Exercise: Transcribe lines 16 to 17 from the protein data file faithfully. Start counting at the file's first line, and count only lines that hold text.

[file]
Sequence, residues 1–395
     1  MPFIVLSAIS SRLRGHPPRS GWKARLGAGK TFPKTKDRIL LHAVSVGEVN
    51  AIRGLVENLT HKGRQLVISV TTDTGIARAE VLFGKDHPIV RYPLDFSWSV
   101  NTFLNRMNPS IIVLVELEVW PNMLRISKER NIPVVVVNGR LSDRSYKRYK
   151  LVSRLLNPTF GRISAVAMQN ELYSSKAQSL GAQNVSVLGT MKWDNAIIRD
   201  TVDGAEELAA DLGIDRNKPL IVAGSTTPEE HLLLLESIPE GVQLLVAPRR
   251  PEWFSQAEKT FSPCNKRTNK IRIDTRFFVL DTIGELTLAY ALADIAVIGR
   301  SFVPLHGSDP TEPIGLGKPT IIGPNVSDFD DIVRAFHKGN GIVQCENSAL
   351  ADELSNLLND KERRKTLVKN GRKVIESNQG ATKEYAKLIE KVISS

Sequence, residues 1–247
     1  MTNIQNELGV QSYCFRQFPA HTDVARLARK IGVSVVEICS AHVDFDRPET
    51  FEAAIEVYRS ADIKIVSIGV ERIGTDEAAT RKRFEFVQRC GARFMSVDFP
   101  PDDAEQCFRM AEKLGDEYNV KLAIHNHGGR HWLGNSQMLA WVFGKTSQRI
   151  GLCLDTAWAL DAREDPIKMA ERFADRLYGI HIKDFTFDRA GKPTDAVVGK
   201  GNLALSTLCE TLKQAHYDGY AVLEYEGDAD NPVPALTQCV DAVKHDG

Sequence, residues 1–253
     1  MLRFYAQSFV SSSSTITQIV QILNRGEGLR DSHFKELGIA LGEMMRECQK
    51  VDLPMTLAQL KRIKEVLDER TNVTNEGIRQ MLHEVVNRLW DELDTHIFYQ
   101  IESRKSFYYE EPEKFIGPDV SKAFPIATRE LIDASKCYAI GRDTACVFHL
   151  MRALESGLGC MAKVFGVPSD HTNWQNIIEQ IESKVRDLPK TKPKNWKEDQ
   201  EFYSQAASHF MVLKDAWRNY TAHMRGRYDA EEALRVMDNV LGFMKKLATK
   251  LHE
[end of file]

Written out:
Sequence, residues 1–253
     1  MLRFYAQSFV SSSSTITQIV QILNRGEGLR DSHFKELGIA LGEMMRECQK